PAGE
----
Story by: Suzanna Logan
Photos by: Heidi Long
Deep overhangs protect the home’s interiors from sun exposure and create amply-sized covered porches. “We never have to worry about fighting heat gain,” the homeowner says. “You can sit out and enjoy the mountains and be in the shade.”
Walking half a mile each morning to retrieve the morning paper might seem like an inconvenience to some, but to Brian Bachman, it’s a privilege. “It’s a great way to start the day,” he says. “I love watching the sun light up the tops of the mountains then gradually move down until the entire mountain is illuminated.”
For Brian, being surrounded by breathtaking views at every turn is a long-time dream come true. “I first fell in love with the West at the age of 14 when I went to the National Boy Scout Ranch in New Mexico,” Brian explains. “I spent the rest of my life looking for a place in the high mountain valley.”
Fast forward fifty years. Brian had lived on both coasts and developed a deep love for the water, too. So when he came across an idyllic riverfront site in Bitterroot Valley, Montana, he was sold. “We wanted a place with the sights and sounds of the water,” he says. “We have rapids and riffles, an island and deep pools, so there is always a lot of action in the river.”
An original house and barn already occupied the old farm homestead, but Brian had something a bit larger in mind. Over the next year, he added a nearly 8,000-square-foot timber frame beauty to the 70-acre property, staying heavily involved in the design and construction process every step of the way. “I made it a point to be at the site every day,” he says.
To ensure the design and building process would go as smoothly as possible, Brian met with general contractor Doug Banks at Vintage Construction in Darby, Montana, and Jeremy Oury, AIA, of Kibo Group Architecture in Missoula for brainstorming sessions throughout construction. “We had all day jam sessions where we made suggestions and revisions,” Banks says. “It worked out really well.”
What the team came up with was a highly functional home that would provide room to both entertain and relax, showcase spectacular views, and make strong use of natural materials, giving the home a quiet presence on the land. “We didn’t want the house to appear to be a house from the road,” Brian says. “We varied the roofline and used a number of different finishes to help it blend in.” Board and batten siding, stucco and stacked stone walls (from rocks hand-picked from the property) give the impression that the home has been added to over time. “With all of the variation, we were hoping to create the feeling that it was built in pieces,” he says.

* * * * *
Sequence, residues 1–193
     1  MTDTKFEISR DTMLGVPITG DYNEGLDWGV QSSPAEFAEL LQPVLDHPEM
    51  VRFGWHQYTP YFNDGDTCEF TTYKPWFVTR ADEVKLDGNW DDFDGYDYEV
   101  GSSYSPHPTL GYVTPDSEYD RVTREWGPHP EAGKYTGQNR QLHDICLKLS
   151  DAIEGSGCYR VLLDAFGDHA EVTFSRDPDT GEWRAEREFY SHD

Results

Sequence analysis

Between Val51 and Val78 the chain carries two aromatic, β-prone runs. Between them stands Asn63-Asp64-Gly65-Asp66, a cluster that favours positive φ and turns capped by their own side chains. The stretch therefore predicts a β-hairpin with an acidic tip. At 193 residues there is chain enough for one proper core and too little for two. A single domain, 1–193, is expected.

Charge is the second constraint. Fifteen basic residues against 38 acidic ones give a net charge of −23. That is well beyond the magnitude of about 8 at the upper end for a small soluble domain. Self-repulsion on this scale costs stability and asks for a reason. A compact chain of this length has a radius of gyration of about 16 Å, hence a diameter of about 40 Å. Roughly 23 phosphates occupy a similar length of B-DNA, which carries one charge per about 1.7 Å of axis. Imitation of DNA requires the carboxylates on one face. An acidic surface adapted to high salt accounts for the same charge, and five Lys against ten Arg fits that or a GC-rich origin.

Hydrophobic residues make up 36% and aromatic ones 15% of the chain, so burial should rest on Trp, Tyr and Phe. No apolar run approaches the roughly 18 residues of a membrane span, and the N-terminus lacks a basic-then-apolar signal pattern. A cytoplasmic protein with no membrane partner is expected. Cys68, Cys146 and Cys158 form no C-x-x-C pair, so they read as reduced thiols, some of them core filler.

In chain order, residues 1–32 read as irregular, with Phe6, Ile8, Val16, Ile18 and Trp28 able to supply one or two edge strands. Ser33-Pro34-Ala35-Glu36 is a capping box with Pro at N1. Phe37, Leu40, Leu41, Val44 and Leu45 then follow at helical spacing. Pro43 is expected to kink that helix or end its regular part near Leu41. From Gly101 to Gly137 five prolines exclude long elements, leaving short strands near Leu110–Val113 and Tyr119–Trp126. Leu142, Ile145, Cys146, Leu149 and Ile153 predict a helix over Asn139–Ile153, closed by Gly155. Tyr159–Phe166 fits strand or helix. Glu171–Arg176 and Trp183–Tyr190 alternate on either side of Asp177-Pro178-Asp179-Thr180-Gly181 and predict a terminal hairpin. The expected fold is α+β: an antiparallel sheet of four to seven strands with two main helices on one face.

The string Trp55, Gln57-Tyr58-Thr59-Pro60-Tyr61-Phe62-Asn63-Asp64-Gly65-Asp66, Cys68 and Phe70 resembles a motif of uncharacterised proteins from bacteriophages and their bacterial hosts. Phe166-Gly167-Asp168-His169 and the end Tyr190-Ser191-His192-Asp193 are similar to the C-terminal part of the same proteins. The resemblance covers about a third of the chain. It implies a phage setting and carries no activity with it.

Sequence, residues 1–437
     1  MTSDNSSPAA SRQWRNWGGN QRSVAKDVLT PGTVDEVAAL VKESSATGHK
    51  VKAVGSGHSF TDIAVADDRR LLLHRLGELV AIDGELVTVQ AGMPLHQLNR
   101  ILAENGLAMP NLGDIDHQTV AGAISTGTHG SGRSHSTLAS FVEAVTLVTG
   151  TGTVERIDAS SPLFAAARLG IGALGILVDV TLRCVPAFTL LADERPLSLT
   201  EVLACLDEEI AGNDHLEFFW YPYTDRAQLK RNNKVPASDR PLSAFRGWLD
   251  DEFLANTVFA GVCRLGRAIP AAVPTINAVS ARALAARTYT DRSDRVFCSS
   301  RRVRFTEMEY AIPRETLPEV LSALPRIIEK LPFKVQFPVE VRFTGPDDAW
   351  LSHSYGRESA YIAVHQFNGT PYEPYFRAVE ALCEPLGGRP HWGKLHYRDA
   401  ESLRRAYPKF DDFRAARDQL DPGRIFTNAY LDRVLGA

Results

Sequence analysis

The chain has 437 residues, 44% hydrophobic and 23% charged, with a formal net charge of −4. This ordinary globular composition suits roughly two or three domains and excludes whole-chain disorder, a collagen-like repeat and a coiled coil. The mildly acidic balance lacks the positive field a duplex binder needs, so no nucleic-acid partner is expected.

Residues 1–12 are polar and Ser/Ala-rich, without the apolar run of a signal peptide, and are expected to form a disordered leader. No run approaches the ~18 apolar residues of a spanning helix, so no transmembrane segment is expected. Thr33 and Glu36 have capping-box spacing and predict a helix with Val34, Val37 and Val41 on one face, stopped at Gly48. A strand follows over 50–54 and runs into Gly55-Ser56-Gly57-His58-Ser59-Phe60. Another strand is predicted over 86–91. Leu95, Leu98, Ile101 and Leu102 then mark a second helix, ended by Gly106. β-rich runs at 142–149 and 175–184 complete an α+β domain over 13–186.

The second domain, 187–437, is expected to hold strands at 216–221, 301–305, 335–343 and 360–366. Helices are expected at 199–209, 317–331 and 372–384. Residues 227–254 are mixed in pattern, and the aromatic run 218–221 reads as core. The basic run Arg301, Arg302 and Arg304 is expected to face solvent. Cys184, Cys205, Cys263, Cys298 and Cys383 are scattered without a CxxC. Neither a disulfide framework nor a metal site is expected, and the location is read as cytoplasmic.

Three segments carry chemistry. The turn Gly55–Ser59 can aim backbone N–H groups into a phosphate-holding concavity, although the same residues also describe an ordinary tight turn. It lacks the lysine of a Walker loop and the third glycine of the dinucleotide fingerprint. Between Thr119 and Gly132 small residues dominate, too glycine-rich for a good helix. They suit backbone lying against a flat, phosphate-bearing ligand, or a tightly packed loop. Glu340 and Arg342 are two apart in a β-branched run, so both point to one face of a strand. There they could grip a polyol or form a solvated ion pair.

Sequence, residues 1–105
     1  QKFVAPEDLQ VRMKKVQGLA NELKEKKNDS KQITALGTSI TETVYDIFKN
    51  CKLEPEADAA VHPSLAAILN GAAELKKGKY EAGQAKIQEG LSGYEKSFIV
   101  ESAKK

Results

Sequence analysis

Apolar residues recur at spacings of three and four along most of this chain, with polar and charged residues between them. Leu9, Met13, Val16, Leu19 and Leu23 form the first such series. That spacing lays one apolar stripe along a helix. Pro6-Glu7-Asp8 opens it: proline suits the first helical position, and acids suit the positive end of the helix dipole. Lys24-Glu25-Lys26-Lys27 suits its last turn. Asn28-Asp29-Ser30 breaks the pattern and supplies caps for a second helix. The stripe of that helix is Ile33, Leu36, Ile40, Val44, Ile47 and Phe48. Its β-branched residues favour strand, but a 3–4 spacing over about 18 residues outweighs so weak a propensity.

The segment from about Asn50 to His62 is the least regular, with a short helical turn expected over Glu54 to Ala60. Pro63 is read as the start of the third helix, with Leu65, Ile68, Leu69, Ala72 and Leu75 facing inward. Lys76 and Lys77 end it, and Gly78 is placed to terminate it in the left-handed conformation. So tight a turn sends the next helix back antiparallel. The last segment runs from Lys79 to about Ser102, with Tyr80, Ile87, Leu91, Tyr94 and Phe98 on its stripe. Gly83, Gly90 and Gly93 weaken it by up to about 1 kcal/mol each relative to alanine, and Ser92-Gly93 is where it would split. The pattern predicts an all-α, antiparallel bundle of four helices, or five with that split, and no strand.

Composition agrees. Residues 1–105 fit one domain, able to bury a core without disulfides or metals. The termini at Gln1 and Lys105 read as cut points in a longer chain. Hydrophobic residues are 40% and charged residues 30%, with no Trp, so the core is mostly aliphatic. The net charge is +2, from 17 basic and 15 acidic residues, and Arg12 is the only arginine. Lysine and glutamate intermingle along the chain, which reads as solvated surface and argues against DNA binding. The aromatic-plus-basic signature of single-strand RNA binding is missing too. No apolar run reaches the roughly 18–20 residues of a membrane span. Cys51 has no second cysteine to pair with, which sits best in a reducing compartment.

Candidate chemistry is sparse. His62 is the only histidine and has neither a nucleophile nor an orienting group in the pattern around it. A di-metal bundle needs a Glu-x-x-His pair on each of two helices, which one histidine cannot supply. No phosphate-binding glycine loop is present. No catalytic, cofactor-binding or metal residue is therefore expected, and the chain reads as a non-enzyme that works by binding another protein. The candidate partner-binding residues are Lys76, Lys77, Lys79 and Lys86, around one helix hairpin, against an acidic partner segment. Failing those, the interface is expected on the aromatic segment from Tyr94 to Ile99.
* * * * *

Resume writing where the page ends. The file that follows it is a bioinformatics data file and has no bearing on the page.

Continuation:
Inside, faux finishing on the walls, rock accents and wood elements all encourage an authentic feel, but without a doubt, it is the oversized beam work that does the most to set the warm, lodge-like tone of the interiors. The home combines structural timber elements in the main living areas with conventional stick framing with timber accents elsewhere. In the great room, hand-drawn Douglas Fir timbers span overhead, drawing all eyes upward, at least for a moment, until the prow windows — or rather the views they frame — steal the show. “The entire back of the house is a wall of windows to the river,” Brian says. “The moment people walk into the home, they are attracted to the views.”
The master bathroom features radiant heat floors, a granite-tiled shower with a rainfall shower head and a sunken bathtub, but the best offering may be the views.
While the front entry with the exposed timber frame and expansive windows are meant to draw visitors in to the home, everything else is “designed to provide smaller-feeling spaces,” Brian says. To create cozy rooms within the open-concept layout, Brian varied ceiling heights, textures and finishes and paid careful attention to furniture placement. “People in a big undivided space tend to get lost and migrate to smaller well-defined areas,” he says.
Knowing human nature craves solitude as much as meaningful interaction, Brian worked hard to strike the right balance between the home’s public and private spaces. In the main living area, the grand entry gives way to the great room, kitchen and dining areas, all which invite guests to linger comfortably over good food and good conversation. In the home’s private quarters, a spa-like master suite provides a welcome respite.
And, on the screened-in porch, Brian and his visitors can have it all. “Whether you're sitting quietly by the fire, listening to the water and reading a book or finishing up that last glass of wine with friends after a dinner party, it’s a pretty cool experience,” he says. But is it his favorite room in the house? “That’s like asking me which child I love the most,” Brian says. “I don’t know if I can answer that one.”